Radio Host. Sports Play-by-Play. Bureau Chief. These are just a few of the roles alumnus Gordon Deal ’89 has fulfilled throughout his successful career in radio broadcasting. Graduating with a Communication degree, Deal maximized his time at SC&I gaining hands-on experience by calling the games for Rutgers University sports at WRSU-FM. Deal became a well-known name in the New York metropolitan market reporting for various local radio stations. He now hosts his own radio show “This Morning, America’s First News with Gordon Deal” for Compass Media Networks and keeps his athletic ties strong by serving as Public Address announcer for the New York Giants and Army Football. We spoke to Deal on his impressive career and prioritizing daily news stories.
How did your education at the School of Communication and Information (SC&I) prepare you for your career in journalism?
From interpersonal communication to mass media, the classroom lessons were paired with the on-air experience and passion gained at WRSU-FM. The communication skills from class were valuable in helping me understand that being in radio doesn’t just mean doing a job on-air, but it also means you’re a part of the team that has to sell and market that product to ensure overall company success.
Can you tell us about your current radio program “This Morning, America’s First News with Gordon Deal”?
The two-hour program is syndicated nationally, and is heard on about 260 radio stations across America, and in just about every major city. It’s a breaking news program that covers everything from natural disasters to politics and political analysis…and mixes in topics like business, finance, lifestyle, careers and technology. The show is often a lead-in to a radio station’s own local programming. It’s fast paced with trendy music, and doesn’t inject political opinion. It’s a news presentation…meaning we do not take phone calls.
With today’s tumultuous news cycle, how do you prioritize which stories you want to cover?
It’s not always about “what” we want to cover; it’s also about what “needs” to be covered. These are judgement calls made each and every day before airtime at 5:00 a.m. Eastern Time. We need to decide: how are we going to arm the listener with as much information as possible so he or she is the smartest person in the room when they walk into the office…or sit down for a meeting or interview.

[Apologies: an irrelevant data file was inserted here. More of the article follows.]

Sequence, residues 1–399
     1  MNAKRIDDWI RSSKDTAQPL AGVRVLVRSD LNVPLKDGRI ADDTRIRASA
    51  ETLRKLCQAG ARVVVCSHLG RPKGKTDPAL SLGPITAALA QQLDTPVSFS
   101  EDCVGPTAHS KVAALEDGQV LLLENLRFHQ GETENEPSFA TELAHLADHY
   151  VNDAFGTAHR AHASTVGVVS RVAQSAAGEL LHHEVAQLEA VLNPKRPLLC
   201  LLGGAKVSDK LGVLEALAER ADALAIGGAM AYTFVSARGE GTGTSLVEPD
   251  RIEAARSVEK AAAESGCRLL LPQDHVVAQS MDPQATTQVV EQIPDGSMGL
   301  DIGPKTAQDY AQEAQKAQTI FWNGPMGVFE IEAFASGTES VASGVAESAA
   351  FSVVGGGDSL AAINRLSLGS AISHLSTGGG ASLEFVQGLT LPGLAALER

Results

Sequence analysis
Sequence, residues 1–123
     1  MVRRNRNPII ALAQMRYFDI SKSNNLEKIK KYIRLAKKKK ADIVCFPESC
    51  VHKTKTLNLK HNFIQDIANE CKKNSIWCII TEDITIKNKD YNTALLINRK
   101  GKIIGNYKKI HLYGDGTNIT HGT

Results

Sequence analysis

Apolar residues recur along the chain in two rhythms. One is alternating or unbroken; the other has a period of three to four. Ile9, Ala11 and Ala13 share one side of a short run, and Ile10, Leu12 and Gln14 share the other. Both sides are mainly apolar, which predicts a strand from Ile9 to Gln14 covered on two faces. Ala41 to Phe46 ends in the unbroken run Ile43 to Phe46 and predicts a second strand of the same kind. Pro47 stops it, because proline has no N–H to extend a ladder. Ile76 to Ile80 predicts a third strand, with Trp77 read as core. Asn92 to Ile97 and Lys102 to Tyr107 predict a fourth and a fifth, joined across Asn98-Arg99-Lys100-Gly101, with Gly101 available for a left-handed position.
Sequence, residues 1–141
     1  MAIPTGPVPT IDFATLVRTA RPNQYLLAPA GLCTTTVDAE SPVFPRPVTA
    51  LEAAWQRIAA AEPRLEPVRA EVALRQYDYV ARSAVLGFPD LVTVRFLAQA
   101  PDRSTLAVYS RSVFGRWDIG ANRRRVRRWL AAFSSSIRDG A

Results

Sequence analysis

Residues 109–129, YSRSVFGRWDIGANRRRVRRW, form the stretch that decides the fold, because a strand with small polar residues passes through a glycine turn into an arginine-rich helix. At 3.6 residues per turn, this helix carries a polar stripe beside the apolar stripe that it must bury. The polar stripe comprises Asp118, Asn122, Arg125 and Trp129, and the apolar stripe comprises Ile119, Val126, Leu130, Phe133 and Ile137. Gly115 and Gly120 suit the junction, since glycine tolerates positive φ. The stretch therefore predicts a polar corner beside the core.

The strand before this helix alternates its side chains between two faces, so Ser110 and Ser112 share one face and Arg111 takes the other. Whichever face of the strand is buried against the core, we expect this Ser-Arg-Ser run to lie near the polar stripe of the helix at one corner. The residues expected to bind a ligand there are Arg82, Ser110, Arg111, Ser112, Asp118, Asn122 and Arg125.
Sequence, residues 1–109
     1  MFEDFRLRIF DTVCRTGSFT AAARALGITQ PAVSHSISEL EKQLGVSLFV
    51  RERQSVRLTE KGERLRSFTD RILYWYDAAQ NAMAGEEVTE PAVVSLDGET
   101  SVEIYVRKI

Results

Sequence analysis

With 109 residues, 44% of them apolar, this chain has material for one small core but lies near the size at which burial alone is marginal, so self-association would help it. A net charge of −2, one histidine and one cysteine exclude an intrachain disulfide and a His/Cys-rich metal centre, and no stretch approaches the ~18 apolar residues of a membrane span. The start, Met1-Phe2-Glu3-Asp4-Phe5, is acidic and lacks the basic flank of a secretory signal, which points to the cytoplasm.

Your career path includes a long history in New York radio. What do you think the future holds for local journalism in light of recent cutbacks such as the layoffs at the New York Daily News?
Long before the Daily News, radio had its share of layoffs thanks to consolidation. But content is king. If you have quality content to present as a writer or broadcaster that’s generally not offensive, advertisers are available. After all, you’re still in the business of creating a sellable product.
Your background includes sports announcing, including for Rutgers! How did this type of reporting help you in your journalism career?
After my brief soccer career at Rutgers, I joined WRSU and started doing play-by-play announcing of Rutgers baseball, football, basketball and soccer. Play-by-play is just announcing breaking news as it happens during a sports competition. It helps ad lib skills, observation skills, and the ability to think and react calmly and intelligently under pressure when the unexpected happens. The unexpected in sports might include a bizarre touchdown. In breaking news, it might include a sudden explosion at a fire.
How do you think technology, social media, etc. has affected the journalism and media industries?
It’s made the job easier and harder at the same time. Social media allows us to promote our product, reach contacts that may have been difficult to reach, follow trends, and interact with the audience. It also opens the door to criticism, sometimes fair, sometimes not; sometimes from legitimate sources, sometimes from people just looking to stir the pot anonymously.
Do you have a specific faculty member or mentor at SC&I that has helped to guide you in the right direction professionally?
Not so much a specific faculty member, but resources like The Daily Targum and WRSU, and Rutgers alum contacts and friends who’ve offered support, encouragement, or a sounding board, like Part-Time Lecturer Mark Beal (Taylor Strategy), Mike Emanuel ’90 at Fox News, and Tara Sullivan at The Boston Globe. And even though I did not have him as a professor, Director of Undergraduate Studies in Journalism and Media Studies Steve Miller has been a fairly important figure in my involvement with things like Career Expos at Rutgers and interns.
What advice would you give current students and recent graduates seeking to pursue a career in journalism?
When I guest lecture at Rutgers, I often ask students: “What is your dream job, and what are you doing toward that end right now?” These days, it’s never too early to identify your professional network, maintain a LinkedIn account, and clean up your social media pages. If you want to be a writer, you should have a blog. Want to be a reporter, join The Daily Targum, or find a weekly newspaper that will allow you to cover something as a reporter. If you’d like to be a broadcaster, sites like SoundCloud and YouTube offer instant opportunities. And then it’s easy to promote yourself across platforms like Facebook and Twitter. And remember to use relevant hashtags and to tag relevant people in your network on social media.